Monday 5 December 2022

More words, not action, from Labour?


Looking back over successive elections since the time of Harold Wilson, I can’t remember a point during the lifetime of a Conservative government when the Labour Party was not promising, or at least talking about, either abolition or else major reform of the House of Lords. Nor can I remember a time when they’ve ever delivered on the fine words once elected. When push comes to shove, there are always other priorities and too many vested interests. And Labour PMs have usually ended up finding that the House of Lords is useful to them as a means of rewarding donors and supporters – or even just getting rid of troublesome MPs.

Today’s Great Announcement of the results of a Commission led by Gordon Brown can only sensibly be read in that historical context; the rhetoric is fine, but will they deliver this time? Some Labour voices in the Lords are already suggesting that the proposals should be watered down or delayed. There are, they argue, more important so-called ‘bread-and-butter’ issues which need addressing first, as though governments can only focus on one issue at a time. The words coming from Starmer and Brown today suggest that they realise that constitutional reform is not as divorced from the immediate economic reality as many seem to suggest: empowering the regions and nations of the UK can also help government to be more responsive, if done properly. That caveat (‘if done properly’) is an enormous one, though. The whole history of devolution tells us that the centre only ever cedes power reluctantly, always seeks to control tightly how it can be used, and always retains the right to ungrant what it previously granted. And whilst the idea that Starmer's Labour will be any different from the Tories on those questions has yet to be either disproven or demonstrated, the history of Labour attitudes to reform once they get elected is not exactly encouraging.

Some of the answers that Starmer and Brown have been giving today already look evasive, and there is a marked lack of detail on how the grand principles will actually work. What do they mean, for instance, when they claim that the replacement for the House of Lords (the council for regions and the nations) will represent the nations and regions? How will that work? How will they be elected? If elections are fought by the same parties as fight elections for the House of Commons, the new ‘council’ will end up being defined more in terms of its party balance (between ‘government’ members and ‘opposition’ members); the idea that, for instance, the Welsh members will vote and act as a bloc fighting for Welsh interests instead of splitting between the government and the opposition is one for the fairies. None of this is answered by today’s announcement – these are, apparently, all matters for ‘consultation’ and debate (which the more naïve might have thought was what the commission was supposed to be doing).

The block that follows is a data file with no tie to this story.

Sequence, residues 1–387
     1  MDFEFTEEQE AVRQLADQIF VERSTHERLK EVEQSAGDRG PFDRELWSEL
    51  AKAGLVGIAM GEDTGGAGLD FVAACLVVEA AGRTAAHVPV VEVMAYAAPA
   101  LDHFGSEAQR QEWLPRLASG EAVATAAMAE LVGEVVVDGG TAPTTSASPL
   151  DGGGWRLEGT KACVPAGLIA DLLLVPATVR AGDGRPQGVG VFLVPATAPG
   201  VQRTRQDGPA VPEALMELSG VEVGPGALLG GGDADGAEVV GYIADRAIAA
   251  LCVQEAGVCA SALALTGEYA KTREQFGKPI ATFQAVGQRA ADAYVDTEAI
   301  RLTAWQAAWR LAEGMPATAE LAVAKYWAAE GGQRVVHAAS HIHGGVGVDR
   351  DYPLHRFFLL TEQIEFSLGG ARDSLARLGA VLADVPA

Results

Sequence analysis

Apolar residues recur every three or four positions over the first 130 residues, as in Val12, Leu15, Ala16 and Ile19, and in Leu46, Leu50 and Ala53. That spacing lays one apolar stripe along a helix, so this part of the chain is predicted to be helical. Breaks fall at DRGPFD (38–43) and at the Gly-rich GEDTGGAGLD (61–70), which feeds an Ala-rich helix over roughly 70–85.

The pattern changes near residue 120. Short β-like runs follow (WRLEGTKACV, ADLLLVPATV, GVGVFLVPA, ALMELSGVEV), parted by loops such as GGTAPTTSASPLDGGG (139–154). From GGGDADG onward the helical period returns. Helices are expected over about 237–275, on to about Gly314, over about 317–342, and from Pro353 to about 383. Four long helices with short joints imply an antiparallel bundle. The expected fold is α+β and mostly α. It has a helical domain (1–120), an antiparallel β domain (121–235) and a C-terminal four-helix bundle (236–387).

They are also promising legislation to ‘protect’ the powers of the Senedd and the other devolved administrations, but the ‘how’ is again missing. Unless they are proposing constitutional changes which will abolish the idea that no legislation passed by one government can tie the hands of any future government (and they certainly do not seem to be proposing that), then all they can really promise is that the next Labour government will offer such protection for the duration of a single term. It’s not much of a promise in reality. The real underlying problem, the one that they have completely ignored, is the supposition that ‘sovereignty’ is invested in the monarch by God and exercised by Westminster by the grace of the monarch. It’s the inevitable result of a monarchical constitution. Without moving to a position where ‘sovereignty’ is expressly recognised as belonging to the people in each nation or region, on whose behalf it is exercised through the various parliaments, it’s hard to see how they can deliver the long term changes needed. The founders of the Labour Party would have had little problem with understanding that, but the timid creatures currently inhabiting the party will continue to run a mile from the idea of real empowerment.

1 comment:

An Eye On... said...